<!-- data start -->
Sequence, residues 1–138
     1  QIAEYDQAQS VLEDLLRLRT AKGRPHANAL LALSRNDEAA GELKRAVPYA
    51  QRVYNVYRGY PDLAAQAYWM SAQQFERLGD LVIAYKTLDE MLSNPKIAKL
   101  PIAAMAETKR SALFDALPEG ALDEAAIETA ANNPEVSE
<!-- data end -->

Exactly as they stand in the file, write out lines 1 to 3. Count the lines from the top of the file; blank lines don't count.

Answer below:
Sequence, residues 1–138
     1  QIAEYDQAQS VLEDLLRLRT AKGRPHANAL LALSRNDEAA GELKRAVPYA
    51  QRVYNVYRGY PDLAAQAYWM SAQQFERLGD LVIAYKTLDE MLSNPKIAKL